A Dave Cohen Show: Music Was My First Love
Laughing Horse @ The Cellar Monkey, 24 to 28 August
Something of a veteran at Edinburgh Festival Fringe, Perrier Award-nominated Dave Cohen presents his 15th show, Music Was My First Love. The 57-year-old funny man, who is originally from Leeds, says he was inspired by the original American stand-up Lenny Bruce, and “the appallingly bad taste movie flop The Producers”.
As a student he met Rik Mayall and Ade Edmondson, and became interested in the new alternative comedy scene. Over the years, Cohen, who co-founded the Comedy Store Players, has written for a number of television shows including Spitting Image, My Family, Have I Got News For You and Horrible Histories.
Comedian Phill Jupitus has said of Cohen’s show: “The complexities of Jewish family life, the Middle-Eastern geopolitical situation and the Bristol punk scene all deftly handled by Dave in his bitter-sweet and very funny magnum opus”.
Amy Howerska: Smashcat
Gilded Balloon’s Counting House Venue, until 29 August
Fresh from scribbling on Radio 4’s Now Show and NewsJack as well as popping up on Channel 4, Amy Howerska first appeared on the stand-up circuit eight years ago.
Howerska, who is of Welsh, Jewish, Polish and Irish descent, says: “There is no greater feeling than making people laugh. I get the same feelings of joy making a group of friends laugh at dinner as I do playing a big club.” She quips that audiences should come and see her show, “because I am one of God’s chosen people”.
Candy Gigi: If I Had A Rich Man
Heroes @ The Hive, until 28 August
Award-winning performer Candy Gigi Markham puts her own spin on Fiddler on the Roof in her first hour-long show at Edinburgh Fringe, as she talks and sings through the pressures of being brought up as an Orthodox Jew, and the lengths she’s gone to to hunt down a nice Jewish man. Markham, who was a recipient of the Malcolm Hardee Award in 2014, grew up in South Woodford and attended King Solomon High School. The 27-year-old trained as a musical theatre performer, but “much preferred clowning around” and pursued comedy instead. She says: “What I like most about comedy is having the ability to dictate the emotion and atmosphere of a room. It’s a very empowering feeling to know you can make a room full of strangers laugh, squirm, scream and cry.”
Joe Jacobs: Orthodox Joe
Frankenstein Pub, until 29 August
In his debut, hour-long solo show, Orthodox Joe, aka Joe Jacobs, charts his attempts at rap stardom. Jacobs says: “Comedy is a great coping mechanism for life, assuming it goes well. My comedy is inspired by ritual humiliation and petty vindication, among other things.” With a show billing promising to include “plenty of stand-up comedy, live hip hop and Vanessa Feltz”, Jacobs is sure to be a hit with audiences at this year’s Fringe.
Assembly Roxy, until 28 August
Written by Gareth Armstrong and starring Olivier Award winning actor Guy Masterson, Shylock explores the life of Shakespeare’s infamous Jewish character from The Merchant of Venice and seeks to answer whether he is a villain or victim. Masterson, whose maternal uncle is actor Richard Burton, has toured with the show since 2011. He says: “It’s a commentary on Judaism in theatre, and shows how Shylock and Jews were treated in the 19th century, and how times progressed and Jews became more enlightened and accepted into British society.”
Bubbe Schmeisis: Nick Cassenbaum
Summerhall, until 28 August
Writer and storyteller Nick Cassenbaum is getting a little hot under the collar for his Fringe show, Bubbe Schmeises, set in the Canning Town Schvitz, East London’s last authentic bath house. Cassenbaum, a graduate of the Royal Court Young Writers’ Programme and co-artistic director of Slap Haddock, says: “I’ve been performing ever since my nan used to teach me dirty Yiddish jokes when I was five. “She would make me stand on a table and tell them to her mates as they smoked fags and ate bagels. “The show is about my journey around the North Circular with my foul mouthed grandad on the way to the schvitz to get my first schmeiss (wash).” Expect plenty of Yiddish-sprinkled humour, schvitzing, shlepping and conversations about Spurs.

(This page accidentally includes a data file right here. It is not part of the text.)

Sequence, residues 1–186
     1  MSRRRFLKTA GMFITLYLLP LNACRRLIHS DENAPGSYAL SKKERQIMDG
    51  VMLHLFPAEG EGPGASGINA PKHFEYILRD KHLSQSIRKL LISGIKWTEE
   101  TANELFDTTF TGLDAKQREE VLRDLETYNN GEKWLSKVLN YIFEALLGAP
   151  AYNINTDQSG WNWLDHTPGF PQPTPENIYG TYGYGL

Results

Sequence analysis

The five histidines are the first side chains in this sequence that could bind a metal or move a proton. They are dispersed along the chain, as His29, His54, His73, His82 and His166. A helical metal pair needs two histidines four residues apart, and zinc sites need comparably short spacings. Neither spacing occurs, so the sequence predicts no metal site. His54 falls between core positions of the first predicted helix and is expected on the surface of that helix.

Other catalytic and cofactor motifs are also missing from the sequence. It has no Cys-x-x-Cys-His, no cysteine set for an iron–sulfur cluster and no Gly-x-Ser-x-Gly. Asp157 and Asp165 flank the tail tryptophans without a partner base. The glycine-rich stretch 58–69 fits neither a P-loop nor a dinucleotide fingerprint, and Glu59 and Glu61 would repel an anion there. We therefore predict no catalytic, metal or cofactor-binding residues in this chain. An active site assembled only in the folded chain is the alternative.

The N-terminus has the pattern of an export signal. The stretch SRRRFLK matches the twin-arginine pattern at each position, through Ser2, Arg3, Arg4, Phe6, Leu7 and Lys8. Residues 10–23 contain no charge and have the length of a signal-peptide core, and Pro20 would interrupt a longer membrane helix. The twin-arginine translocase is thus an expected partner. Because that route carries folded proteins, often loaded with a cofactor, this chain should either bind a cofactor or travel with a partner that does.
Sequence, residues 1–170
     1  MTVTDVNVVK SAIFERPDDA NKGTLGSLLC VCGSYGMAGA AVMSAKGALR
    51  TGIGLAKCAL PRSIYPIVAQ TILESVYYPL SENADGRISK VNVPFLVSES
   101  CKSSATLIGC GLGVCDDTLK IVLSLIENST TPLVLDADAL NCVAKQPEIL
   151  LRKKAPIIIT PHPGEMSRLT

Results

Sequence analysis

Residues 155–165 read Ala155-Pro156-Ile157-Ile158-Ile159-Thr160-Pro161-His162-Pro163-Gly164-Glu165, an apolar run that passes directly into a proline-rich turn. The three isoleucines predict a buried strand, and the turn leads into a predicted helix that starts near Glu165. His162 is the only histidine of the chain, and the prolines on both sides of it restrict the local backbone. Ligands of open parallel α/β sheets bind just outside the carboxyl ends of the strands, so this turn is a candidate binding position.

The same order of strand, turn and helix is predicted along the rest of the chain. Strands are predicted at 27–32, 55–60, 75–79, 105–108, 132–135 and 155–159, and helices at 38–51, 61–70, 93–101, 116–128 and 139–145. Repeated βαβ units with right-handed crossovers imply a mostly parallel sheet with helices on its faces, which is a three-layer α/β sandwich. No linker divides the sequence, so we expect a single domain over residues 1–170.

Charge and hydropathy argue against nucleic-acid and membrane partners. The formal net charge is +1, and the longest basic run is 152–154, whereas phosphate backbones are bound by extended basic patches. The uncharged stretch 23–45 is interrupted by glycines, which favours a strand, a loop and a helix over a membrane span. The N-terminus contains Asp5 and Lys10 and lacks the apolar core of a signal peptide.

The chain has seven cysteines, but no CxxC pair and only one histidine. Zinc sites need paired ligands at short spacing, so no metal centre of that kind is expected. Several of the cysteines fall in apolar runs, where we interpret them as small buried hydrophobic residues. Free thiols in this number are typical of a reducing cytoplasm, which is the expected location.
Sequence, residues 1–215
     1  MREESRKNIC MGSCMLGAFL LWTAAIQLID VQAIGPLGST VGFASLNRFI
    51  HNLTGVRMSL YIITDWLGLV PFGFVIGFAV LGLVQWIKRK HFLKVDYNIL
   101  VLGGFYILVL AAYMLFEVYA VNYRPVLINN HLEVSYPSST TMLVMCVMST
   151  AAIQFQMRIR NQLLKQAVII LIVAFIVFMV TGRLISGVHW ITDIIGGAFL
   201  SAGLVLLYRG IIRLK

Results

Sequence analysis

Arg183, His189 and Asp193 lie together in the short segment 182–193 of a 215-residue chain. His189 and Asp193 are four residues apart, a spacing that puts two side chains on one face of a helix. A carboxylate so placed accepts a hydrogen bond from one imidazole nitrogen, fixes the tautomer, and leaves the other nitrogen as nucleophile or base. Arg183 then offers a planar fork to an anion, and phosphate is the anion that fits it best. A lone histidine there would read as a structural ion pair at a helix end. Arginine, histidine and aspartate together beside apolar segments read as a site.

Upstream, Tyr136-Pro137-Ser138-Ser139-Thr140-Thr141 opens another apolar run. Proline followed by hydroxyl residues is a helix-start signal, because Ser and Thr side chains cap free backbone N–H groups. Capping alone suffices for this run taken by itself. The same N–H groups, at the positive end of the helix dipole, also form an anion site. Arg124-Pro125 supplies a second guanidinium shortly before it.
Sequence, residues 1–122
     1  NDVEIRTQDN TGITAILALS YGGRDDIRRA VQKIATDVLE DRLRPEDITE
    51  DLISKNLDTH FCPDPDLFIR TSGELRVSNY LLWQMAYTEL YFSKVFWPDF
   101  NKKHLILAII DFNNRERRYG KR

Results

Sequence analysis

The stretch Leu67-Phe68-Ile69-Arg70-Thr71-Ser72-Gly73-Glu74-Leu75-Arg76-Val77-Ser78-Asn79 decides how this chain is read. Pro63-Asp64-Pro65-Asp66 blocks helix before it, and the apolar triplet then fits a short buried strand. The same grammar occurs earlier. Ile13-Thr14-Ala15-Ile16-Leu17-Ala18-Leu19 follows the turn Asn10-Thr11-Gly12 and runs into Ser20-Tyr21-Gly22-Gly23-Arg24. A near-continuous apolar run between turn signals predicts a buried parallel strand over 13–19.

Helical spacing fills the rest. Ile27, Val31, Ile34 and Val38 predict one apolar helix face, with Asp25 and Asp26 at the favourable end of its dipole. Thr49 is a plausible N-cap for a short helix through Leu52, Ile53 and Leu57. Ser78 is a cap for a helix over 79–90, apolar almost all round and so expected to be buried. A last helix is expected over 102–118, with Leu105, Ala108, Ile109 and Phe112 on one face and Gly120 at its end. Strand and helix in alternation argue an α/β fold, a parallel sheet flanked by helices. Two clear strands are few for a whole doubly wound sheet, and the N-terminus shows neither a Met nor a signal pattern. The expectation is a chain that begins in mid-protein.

Penelope Solomon: I Was A Penis At The Royal Festival Hall
The Stand Comedy Club 5 & 6, from 16 to 28 August
Nine years ago, Penelope Solomon made her fringe debut as a sheep, sponsored by Pringle. Now, three babies later, she returns to Edinburgh dressed as a penis, with her new solo show, which the Jewish comedienne describes as “naughty, irreverent and silly”. Solomon, a trained actress who starred in BBC’s Goodnight Sweetheart, felt her career was going well, but then she ended up “auditioning for the X Factor with a Yiddish song”. Her autobiographical romp blends stand-up, character comedy and a sprinkling of her own songs. Solomon explains: “Through some of the characters, such as Eileen Schwartzberg OBE who is a Yiddish language teacher, I am openly and brazenly Jewish, celebrating the food, language, culture and music of our heritage. “My aim is to reach both a Jewish and a non-Jewish audience. Laughter breaks down barriers and unites people. In the current political climate it is more vital than ever to get out there and crack a few jokes.”
Price (Still) Includes Biscuits
TheSpace @ Surgeons Hall, until 27 August
Satirical and deadpan, Brummie performer Naomi Paul returns to the Fringe with her comment on the latest political issues, catchy songs, personal stories — and complimentary biscuits. Paul says: “My Jewish background threads through the show via its deadpan humour and especially when I talk about upbringing, identity and migration. People should come and see the show for surprising angles on the everyday – both personal and political.” Expect a comedic smorgasbord of everything from lingerie to libraries and Birmingham to the Balkans.